E. John Wherry, PhD

PHILADELPHIA - E. John Wherry, PhD, has been appointed the new chair of the department of Systems Pharmacology and Translational Therapeutics in the Perelman School of Medicine at the University of Pennsylvania, effective July 1. Wherry is the Richard and Barbara Schiffrin President’s Distinguished Professor in the department of Microbiology and an international leader in the study of T cell exhaustion, which prevents optimal control of infections and can hamper anti-tumor immune responses.

He is currently director of the Institute for Immunology, co-leader of the Abramson Cancer Center’s Immunobiology Program, and co-director of the Parker Institute for Cancer Immunotherapy at Penn. In each of these leadership roles, he has fostered cross-disciplinary collaborations to accelerate discoveries and apply findings within the basic sciences to clinically translatable approaches.

Wherry’s research focuses on T cell exhaustion in chronic infections and cancer and on the mechanisms by which immunoregulatory “checkpoint” pathways, such as PD-1, control T cell exhaustion. His work has advanced our understanding of how gene expression changes affect this exhaustion, which has led to strategies to improve the effectiveness of T cell targeting immunotherapies.

He has received numerous distinctions for his consistent and significant contributions to infectious disease and cancer immunology research. He has been recognized as one of the most highly cited investigators in his field by Thomson/ISI and was named one of America’s Young Innovators by Smithsonian magazine (2007). He received the Frederick W. Alt Award for New Discoveries in Immunology from the Cancer Research Institute (2016) and the Phillip A. Sharp Innovation in Collaboration Award from Stand Up To Cancer (2018). Wherry serves on numerous scientific advisory and editorial boards, including The Journal of Experimental Medicine, PLoS Pathogens, Cancer Immunology Research, The Journal of Immunology and The Journal of Leukocyte Biology.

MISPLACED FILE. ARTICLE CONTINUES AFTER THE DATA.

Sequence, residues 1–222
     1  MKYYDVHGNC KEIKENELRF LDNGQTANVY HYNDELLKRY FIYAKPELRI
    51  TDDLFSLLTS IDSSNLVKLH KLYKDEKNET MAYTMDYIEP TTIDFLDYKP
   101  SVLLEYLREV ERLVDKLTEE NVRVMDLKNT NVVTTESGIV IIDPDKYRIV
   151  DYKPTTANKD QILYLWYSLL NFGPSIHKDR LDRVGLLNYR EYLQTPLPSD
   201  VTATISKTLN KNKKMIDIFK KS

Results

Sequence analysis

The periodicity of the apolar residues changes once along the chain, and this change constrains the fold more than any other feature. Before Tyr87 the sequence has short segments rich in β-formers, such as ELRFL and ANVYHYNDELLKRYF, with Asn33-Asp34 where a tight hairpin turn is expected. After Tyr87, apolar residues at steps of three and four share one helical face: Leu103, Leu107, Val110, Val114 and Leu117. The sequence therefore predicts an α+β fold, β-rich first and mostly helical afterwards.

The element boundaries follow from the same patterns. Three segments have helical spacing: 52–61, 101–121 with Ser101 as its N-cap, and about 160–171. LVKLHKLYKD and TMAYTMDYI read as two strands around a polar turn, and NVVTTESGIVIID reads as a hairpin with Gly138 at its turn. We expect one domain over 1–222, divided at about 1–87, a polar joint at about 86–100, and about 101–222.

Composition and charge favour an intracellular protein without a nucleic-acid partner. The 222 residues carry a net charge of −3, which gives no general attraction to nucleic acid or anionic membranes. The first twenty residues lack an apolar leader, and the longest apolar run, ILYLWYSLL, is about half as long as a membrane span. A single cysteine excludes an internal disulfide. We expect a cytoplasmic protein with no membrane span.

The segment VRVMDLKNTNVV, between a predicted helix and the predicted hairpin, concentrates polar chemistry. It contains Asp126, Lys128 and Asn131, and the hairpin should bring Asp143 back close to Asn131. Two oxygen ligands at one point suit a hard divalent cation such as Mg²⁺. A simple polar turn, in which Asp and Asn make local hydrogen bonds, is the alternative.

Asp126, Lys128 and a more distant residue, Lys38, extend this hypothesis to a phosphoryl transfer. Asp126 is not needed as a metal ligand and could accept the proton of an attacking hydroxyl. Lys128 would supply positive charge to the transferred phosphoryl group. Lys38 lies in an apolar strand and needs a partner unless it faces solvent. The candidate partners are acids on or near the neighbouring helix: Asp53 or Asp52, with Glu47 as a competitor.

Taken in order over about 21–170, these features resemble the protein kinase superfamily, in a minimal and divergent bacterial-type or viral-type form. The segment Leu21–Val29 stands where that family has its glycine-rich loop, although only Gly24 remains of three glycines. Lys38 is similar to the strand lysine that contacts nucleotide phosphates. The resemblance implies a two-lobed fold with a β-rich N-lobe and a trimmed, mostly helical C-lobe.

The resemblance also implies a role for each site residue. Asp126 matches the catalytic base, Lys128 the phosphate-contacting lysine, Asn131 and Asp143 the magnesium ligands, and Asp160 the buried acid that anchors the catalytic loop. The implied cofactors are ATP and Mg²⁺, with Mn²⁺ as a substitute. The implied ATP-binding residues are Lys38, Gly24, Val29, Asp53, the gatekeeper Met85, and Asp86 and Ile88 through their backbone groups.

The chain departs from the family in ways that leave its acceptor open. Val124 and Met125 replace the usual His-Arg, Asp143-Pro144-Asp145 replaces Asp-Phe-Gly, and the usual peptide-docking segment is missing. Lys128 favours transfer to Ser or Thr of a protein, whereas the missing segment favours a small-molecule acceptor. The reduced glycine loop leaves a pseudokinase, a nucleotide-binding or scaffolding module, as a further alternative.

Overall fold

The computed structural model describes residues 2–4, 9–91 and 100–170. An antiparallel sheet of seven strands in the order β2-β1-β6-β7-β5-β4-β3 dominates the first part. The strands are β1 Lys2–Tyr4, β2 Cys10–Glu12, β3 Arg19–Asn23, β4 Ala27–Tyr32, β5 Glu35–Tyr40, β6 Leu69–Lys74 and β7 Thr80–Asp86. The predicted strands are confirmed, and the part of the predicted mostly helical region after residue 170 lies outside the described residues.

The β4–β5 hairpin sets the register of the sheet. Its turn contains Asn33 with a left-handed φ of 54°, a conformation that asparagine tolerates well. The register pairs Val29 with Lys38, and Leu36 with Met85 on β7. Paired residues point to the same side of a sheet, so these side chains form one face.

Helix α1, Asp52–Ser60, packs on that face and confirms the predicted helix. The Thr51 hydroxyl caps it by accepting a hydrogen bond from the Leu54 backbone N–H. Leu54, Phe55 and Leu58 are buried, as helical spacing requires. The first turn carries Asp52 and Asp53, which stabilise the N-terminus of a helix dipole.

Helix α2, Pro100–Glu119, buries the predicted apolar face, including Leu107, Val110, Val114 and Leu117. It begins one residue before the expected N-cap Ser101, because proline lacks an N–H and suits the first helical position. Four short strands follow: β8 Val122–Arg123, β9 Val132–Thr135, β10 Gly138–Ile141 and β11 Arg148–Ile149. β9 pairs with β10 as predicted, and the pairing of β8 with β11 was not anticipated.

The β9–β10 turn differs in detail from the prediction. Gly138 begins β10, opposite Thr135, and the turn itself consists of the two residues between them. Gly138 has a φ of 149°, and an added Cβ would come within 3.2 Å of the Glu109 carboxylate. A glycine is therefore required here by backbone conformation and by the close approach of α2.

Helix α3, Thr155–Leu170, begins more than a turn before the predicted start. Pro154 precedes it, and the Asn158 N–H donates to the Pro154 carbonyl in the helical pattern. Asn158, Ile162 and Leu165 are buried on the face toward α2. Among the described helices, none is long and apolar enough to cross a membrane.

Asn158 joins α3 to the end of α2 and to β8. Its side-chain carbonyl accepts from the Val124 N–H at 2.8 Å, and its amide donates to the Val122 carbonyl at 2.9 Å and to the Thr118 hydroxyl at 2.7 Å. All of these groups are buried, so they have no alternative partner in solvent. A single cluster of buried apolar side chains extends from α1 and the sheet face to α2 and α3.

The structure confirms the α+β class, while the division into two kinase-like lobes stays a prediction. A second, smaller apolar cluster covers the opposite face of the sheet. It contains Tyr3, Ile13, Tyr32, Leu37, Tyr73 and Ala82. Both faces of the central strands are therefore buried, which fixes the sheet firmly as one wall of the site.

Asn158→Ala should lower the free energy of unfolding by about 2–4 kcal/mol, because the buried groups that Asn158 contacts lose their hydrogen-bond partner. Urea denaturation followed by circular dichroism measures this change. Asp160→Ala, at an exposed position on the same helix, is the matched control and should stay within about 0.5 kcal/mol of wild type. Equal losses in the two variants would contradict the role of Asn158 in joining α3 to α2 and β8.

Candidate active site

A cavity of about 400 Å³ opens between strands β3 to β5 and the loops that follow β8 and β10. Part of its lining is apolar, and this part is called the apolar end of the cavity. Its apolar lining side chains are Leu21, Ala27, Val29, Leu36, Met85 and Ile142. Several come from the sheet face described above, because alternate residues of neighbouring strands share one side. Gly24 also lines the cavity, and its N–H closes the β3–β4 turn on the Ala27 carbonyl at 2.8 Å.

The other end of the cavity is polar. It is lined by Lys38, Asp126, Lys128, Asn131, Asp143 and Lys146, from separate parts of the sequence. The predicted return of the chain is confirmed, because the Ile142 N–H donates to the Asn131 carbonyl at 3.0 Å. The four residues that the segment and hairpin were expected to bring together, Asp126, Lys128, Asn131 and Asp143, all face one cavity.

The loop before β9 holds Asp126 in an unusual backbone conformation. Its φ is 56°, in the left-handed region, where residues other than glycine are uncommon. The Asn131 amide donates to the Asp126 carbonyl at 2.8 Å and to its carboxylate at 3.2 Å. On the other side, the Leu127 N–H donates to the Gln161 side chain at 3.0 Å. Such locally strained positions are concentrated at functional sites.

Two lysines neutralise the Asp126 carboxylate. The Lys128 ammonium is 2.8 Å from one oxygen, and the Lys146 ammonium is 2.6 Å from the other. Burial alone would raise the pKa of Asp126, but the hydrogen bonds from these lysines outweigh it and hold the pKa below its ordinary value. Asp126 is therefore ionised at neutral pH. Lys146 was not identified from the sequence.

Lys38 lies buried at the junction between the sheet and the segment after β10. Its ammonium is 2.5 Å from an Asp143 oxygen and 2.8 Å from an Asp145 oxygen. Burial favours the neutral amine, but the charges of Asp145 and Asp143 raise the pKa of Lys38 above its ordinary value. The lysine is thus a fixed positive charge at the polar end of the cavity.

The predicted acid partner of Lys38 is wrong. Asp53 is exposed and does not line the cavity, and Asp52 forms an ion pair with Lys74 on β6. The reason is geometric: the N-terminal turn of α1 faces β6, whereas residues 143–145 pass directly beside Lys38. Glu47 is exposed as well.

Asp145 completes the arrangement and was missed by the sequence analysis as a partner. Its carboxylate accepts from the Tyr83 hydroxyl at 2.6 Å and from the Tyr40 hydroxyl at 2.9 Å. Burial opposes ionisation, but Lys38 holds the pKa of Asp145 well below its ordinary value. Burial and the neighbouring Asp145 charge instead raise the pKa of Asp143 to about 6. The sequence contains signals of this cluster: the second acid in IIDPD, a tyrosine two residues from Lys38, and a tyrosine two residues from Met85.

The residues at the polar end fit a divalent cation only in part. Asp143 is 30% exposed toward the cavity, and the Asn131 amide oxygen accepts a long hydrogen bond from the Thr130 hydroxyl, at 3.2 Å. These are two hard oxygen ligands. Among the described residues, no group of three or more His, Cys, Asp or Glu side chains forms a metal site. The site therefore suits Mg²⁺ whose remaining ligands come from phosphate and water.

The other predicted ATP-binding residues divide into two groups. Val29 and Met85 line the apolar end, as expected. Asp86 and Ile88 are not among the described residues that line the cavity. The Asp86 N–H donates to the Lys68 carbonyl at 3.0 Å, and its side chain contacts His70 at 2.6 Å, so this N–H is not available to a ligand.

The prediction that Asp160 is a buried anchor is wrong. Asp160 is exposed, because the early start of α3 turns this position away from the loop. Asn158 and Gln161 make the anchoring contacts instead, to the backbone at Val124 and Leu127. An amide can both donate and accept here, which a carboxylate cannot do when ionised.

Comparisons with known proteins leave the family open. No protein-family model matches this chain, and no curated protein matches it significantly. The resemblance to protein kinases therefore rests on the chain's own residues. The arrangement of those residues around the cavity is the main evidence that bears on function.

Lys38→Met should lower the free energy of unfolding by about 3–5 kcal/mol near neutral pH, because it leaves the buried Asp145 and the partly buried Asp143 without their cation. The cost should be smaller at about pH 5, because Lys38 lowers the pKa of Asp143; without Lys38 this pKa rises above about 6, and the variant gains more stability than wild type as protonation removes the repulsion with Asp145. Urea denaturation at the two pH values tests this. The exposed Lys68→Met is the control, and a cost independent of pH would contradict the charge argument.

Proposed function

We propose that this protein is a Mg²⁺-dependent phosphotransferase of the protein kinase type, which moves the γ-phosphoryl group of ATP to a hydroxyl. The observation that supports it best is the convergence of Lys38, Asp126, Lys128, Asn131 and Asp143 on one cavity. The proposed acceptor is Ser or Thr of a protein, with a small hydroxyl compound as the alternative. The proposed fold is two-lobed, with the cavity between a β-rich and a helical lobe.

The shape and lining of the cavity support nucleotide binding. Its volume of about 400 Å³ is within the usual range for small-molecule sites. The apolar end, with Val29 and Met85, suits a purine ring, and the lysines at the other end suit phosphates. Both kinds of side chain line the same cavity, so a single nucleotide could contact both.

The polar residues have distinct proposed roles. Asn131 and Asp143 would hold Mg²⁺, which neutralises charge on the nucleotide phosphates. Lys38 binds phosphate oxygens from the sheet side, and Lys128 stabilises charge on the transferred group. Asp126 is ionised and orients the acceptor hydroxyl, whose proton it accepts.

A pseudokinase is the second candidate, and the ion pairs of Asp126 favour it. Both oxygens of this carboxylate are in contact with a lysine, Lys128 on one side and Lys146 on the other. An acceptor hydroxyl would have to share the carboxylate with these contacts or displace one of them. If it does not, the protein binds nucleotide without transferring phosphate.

Wherry earned his doctorate in Immunology from Thomas Jefferson University in 2000 and completed his postdoctoral fellowship at Emory University (2003). He was appointed an assistant professor in the Immunology Program at The Wistar Institute (2005) and joined the Penn department of Microbiology in 2010. 

The department of Systems Pharmacology and Translational Therapeutics ranks first in the nation among pharmacology departments for NIH funding. The department is closely involved with the Institute for Translational Medicine and Therapeutics (ITMAT), home to the Clinical and Translational Science Award (CTSA) and in the leadership of the Penn Genomics Institute. Wherry’s appointment will create further bridges to many departments and centers by focusing on inflammation, leading to new high impact research in pharmacology and experimental therapeutics.

Penn Medicine is one of the world’s leading academic medical centers, dedicated to the related missions of medical education, biomedical research, excellence in patient care, and community service. The organization consists of the University of Pennsylvania Health System and Penn’s Raymond and Ruth Perelman School of Medicine, founded in 1765 as the nation’s first medical school.

The Perelman School of Medicine is consistently among the nation's top recipients of funding from the National Institutes of Health, with $550 million awarded in the 2022 fiscal year. Home to a proud history of “firsts” in medicine, Penn Medicine teams have pioneered discoveries and innovations that have shaped modern medicine, including recent breakthroughs such as CAR T cell therapy for cancer and the mRNA technology used in COVID-19 vaccines.

The University of Pennsylvania Health System’s patient care facilities stretch from the Susquehanna River in Pennsylvania to the New Jersey shore. These include the Hospital of the University of Pennsylvania, Penn Presbyterian Medical Center, Chester County Hospital, Lancaster General Health, Penn Medicine Princeton Health, and Pennsylvania Hospital—the nation’s first hospital, founded in 1751. Additional facilities and enterprises include Good Shepherd Penn Partners, Penn Medicine at Home, Lancaster Behavioral Health Hospital, and Princeton House Behavioral Health, among others.

Penn Medicine is an $11.1 billion enterprise powered by more than 49,000 talented faculty and staff.

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